★★★★ (out of ★★★★)
Yasujiro Ozu’s ‘Tokyo Story’ is the best film I have ever seen. It is a movie I keep coming back to. There is a beauty in its very simplicity.
The film opens with Japanese characters against the simple background of a tatami mat, and the picture’s straightforwardness is established from the onset. We know that we are being invited to something ruminative – to ponder the beauty of ordinary life.
Children grow up and leave the nest. Parents grow old and die. Time passes, and life goes on. I haven’t stated anything you don’t already know. And yet, sometimes it takes a masterful work of art to remind us of life’s veracities.
The plot is as simple as possible: An elderly couple takes a long train ride from their village in southwestern Japan port city of Onomichi to post-war Tokyo to visit their grownup children who have not visited them in years. Their son, Koichi, is a doctor living with his wife and two sons in a modest suburban house. Their daughter, Shige, is a beautician. Neither of these two have much time or patience for their parents – they are too wrapped up in their own careers and families. They discourteously scuff off the elders to a low-cost seaside resort. It is only Noriko, the widowed daughter-in-law of their son killed in World War II who treats them with any kind of warmth or kindness – there is an ease and generosity of spirit that exists among them and it is a welcome contrast to the treatment received from their blood relatives.
The parents return home. But on the train, the mother falls ill. And now, the children make the journey to visit their parents. Faced with tragedy, the children speak of their regrets – they wish they did more for their mother when she was alive. A day after the funeral, they are on their way back home; the daughter-in-law stays the longest but she too has to return home, and we feel a great deal of sadness for the old father who must now accept a life of loneliness. “Living alone like this, the days will get very long.” in his words.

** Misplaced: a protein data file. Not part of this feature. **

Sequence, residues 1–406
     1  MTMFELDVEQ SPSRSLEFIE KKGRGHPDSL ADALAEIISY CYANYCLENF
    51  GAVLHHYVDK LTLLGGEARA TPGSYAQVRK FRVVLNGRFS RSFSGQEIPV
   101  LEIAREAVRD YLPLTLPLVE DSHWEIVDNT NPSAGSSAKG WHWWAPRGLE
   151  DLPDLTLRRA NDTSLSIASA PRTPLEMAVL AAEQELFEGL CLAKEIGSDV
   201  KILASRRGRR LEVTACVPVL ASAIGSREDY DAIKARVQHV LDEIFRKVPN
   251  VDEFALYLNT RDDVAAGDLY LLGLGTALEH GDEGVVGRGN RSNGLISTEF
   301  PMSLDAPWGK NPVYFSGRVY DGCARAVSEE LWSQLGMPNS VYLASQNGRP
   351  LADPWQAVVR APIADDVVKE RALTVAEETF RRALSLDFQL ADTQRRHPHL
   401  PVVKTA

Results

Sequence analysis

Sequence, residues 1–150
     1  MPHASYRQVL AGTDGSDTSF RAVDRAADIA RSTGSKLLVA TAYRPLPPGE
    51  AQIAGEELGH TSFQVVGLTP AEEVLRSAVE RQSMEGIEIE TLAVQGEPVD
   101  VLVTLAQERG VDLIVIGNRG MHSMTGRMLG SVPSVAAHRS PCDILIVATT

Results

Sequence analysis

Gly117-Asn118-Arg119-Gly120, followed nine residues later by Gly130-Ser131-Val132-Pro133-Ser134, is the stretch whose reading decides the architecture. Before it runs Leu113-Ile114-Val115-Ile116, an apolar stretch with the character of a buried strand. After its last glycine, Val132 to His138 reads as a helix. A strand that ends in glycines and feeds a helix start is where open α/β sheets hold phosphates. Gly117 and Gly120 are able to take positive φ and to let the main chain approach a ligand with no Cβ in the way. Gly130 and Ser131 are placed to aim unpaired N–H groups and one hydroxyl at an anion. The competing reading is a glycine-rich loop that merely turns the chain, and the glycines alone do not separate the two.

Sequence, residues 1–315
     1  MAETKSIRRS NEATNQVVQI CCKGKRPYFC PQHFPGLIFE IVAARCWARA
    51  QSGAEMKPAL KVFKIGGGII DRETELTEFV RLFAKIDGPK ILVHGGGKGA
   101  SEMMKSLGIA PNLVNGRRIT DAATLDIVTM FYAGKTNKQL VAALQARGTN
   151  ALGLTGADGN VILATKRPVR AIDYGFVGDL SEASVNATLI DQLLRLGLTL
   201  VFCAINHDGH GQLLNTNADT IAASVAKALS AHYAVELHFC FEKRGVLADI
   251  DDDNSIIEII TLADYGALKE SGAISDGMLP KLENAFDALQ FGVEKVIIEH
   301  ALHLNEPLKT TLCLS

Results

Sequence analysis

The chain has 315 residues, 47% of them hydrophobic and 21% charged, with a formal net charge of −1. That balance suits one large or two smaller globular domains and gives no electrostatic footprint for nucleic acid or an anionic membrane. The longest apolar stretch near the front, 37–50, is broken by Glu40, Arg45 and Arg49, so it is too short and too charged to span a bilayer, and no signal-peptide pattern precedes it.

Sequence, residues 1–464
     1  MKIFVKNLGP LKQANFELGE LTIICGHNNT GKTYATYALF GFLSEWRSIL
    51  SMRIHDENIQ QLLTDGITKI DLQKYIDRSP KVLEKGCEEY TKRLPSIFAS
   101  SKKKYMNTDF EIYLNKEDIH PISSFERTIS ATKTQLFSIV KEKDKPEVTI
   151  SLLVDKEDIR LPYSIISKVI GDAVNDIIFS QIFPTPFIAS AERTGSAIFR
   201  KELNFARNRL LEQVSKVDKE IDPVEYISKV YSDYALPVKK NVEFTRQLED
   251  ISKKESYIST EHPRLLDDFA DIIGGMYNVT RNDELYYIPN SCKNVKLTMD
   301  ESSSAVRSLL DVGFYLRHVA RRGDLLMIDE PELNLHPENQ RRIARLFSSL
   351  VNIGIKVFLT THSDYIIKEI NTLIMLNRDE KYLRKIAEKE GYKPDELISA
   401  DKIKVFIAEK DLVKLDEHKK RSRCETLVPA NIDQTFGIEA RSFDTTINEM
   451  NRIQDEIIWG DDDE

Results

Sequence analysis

Ozu doesn’t side with or blame any of these characters – instead, he allows us to muse over the motives behind their decisions. Or ponder the impact external forces like time could have on a relationship. There was a point when these characters relied on their parents for everything. Now, they parents are treated like a burden.
I realize I’m making this sound like a downer. It really isn’t. What I think Ozu is displaying on screen is the entire spectrum of human behavior and emotion. He is defining humanity through contrasts: youth and old age, kindness and cruelty, joy and tragedy, life and death.
The camera remains stationary mainly at floor level, shooting long, unbroken takes. There isn’t any technical wizardry or workshopping at play; the camera merely functions as an observer. This is filmmaking stripped to its most essential elements intent on capturing truth – as it unfolds episodically, we witness three generations navigating through life, as if they are completely unaware that a camera is documenting them. There isn’t a conventional narrative structure, and I noticed only one camera move – as it traversed around a corner to reveal the elderly couple alone and neglected. Every single shot is perfect and its compositions remain unparalleled. The exterior shots of the landscape and empty interiors feel anything but vacant – the characters, at some point, have passed through these spaces and their presence remains even when they’re not there.
Many movies that confront these unquestionably overarching themes are large scale – epic, ambitious, and operatic. ‘Tokyo Story’ has a quiet intensity – this is minimalist cinema at the apex of artistic expression, effortlessly evoking the feelings its characters abstain from articulating.
‘Tokyo Story’ may be specific in its time and place (Japan, 1953), but its themes and observations of human behavior transcend geographic borders and time itself. We see ourselves in these characters, and we’re more cognizant of our self-centered tendencies and the tragic irrevocability of loneliness we all face. ‘We see the good and the bad, and we want to be better. After seeing the movie, I felt wiser and I believe that the movies (at least the very best ones) can change us. That’s the power of this medium.
Note: The Criterion Blu-Ray presents a crisp 4K digital restoration that belongs on every movie lover’s shelf. QED.